The Annet Gelink Gallery proudly presents the group exhibition FAR FROM US, featuring new work by Carla Klein, Michael Raedecker, Dirk Skreber and Robert Suermondt.

The Dutch artist Carla Klein (1970), who lives and works in London and Rotterdam, paints the most unlikely subjects with bravado. Water in a swimming pool, the window of a showcase in a museum, the plastic surface of a bowling alley and the reflection of a flash bulb in a television screen. In her paintings the perception of the viewer is multiplied and reflected until it disappears into a far distance where nothing is visible anymore.

The images of the Dutch artist Michael Raedecker (1963), the winner of the 1999 John Moores Award and recently nominated for the Turner Prize, are built out of paint and threads. Subject matter is not of supreme importance in his work, the emphasis is on atmosphere and state of mind rather than reality. Raedecker plays with angles like a film director and chooses unusual perspectives. Sometimes there is a bird's-eye-view from above, at other times things are seen through the eyes of a spectator looking up at the sky, lying on his back.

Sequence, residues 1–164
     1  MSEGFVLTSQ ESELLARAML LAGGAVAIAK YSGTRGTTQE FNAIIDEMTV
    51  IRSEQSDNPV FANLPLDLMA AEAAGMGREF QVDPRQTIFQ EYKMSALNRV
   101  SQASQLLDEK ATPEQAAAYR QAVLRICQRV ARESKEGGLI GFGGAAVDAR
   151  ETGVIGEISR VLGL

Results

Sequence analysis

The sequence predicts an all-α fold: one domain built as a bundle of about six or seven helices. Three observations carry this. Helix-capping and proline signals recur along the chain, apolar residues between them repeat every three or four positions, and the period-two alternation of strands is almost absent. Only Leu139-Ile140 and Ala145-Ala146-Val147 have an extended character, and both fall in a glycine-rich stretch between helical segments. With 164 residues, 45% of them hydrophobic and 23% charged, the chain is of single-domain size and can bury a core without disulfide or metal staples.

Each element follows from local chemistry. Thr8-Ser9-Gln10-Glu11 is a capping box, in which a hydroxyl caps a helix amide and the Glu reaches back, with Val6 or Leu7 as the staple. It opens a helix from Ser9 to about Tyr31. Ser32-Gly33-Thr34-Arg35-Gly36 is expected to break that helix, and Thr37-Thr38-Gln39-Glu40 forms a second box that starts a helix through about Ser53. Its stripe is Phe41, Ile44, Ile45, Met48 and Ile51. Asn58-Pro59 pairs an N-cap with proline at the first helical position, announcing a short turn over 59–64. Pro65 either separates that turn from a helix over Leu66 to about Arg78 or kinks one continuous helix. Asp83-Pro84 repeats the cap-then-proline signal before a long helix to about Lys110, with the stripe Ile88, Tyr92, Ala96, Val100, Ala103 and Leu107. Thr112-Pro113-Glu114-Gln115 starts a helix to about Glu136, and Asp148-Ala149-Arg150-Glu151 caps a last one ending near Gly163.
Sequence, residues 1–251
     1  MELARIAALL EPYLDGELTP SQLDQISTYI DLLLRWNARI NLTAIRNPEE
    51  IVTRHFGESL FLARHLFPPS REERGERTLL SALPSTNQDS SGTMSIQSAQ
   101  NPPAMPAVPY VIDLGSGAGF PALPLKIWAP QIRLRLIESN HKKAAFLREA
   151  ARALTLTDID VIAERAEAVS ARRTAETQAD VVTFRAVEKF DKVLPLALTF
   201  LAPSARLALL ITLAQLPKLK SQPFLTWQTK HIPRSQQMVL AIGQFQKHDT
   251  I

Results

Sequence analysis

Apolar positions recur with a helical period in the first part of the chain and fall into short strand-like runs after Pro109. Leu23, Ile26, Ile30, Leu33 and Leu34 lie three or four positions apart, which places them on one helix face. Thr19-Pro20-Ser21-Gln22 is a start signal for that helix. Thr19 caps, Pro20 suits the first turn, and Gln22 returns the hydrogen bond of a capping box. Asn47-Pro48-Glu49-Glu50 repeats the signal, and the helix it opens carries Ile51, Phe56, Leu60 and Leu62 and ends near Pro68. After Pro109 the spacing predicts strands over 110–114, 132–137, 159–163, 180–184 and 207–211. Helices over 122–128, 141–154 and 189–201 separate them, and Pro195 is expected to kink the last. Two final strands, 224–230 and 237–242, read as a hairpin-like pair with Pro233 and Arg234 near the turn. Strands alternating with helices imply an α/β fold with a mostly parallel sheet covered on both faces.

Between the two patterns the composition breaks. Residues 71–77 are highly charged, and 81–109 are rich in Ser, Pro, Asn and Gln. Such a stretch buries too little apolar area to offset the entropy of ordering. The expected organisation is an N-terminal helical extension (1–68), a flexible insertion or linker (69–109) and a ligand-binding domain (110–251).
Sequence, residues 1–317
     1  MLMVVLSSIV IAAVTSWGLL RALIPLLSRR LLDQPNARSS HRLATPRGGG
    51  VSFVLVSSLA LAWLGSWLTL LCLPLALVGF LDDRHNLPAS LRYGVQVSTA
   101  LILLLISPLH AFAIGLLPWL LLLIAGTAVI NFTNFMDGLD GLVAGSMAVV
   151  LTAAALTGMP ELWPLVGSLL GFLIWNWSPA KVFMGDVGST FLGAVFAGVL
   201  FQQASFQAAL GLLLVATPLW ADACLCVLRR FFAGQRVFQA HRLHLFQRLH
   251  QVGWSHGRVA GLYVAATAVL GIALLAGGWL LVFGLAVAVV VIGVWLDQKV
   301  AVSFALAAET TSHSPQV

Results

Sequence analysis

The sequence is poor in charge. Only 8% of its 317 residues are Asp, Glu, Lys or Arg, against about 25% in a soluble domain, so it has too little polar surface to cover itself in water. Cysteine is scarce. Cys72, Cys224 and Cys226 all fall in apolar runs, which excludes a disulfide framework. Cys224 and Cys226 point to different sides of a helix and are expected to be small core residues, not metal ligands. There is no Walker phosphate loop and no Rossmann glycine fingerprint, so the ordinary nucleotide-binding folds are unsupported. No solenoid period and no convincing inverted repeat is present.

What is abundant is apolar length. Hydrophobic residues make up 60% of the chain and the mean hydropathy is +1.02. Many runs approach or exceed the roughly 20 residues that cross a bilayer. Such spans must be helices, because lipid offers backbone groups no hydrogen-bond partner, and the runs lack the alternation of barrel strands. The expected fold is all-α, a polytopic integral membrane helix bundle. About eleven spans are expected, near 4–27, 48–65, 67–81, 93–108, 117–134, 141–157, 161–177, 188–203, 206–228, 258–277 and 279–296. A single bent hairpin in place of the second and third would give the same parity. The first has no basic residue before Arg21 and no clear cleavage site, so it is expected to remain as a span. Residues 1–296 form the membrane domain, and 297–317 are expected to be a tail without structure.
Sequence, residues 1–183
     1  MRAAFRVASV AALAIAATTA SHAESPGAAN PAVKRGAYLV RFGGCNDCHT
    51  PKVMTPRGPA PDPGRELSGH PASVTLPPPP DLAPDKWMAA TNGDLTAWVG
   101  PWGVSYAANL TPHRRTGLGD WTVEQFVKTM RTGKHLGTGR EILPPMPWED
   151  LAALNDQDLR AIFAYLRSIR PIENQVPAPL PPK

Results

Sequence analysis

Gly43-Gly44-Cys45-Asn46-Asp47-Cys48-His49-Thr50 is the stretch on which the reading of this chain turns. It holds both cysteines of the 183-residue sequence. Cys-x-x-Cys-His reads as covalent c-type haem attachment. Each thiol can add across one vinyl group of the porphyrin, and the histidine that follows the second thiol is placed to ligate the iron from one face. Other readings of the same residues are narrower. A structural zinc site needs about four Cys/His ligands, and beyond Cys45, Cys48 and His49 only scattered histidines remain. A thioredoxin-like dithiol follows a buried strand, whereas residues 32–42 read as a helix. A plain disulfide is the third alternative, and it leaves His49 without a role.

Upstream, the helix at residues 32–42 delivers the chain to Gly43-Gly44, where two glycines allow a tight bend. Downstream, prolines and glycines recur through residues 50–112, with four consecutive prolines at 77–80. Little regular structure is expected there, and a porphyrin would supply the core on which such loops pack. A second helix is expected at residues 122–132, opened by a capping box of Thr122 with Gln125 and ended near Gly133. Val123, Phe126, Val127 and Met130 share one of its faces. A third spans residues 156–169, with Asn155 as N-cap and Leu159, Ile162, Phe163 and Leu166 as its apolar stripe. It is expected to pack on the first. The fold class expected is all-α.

The images of the German painter Dirk Skreber (1961), the recent recipient of the Berliner Nationalgalerie Award, have an ominous quality. The subject matter of his paintings appears to be neutral: trains, cars, buildings and playing fields. The paint is applied loosely and with virtuosity and he uses a variety of industrial materials like insulating tape to create backgrounds and add highlights here and there. Skreber is a master at evoking a kind of subdued tension, the tension which precedes the action in a movie or lingers after the actors have disappeared from view.

The Swiss filmmaker and painter Robert Suermondt (1961) is fascinated by the way images are constructed and the manner in which the spectator is preconditioned by the way he or she looks at things. His colourful paintings resemble a labyrinth of constructed spaces, elusive and evanescent. One fading into the other, seemingly going on and on into infinity.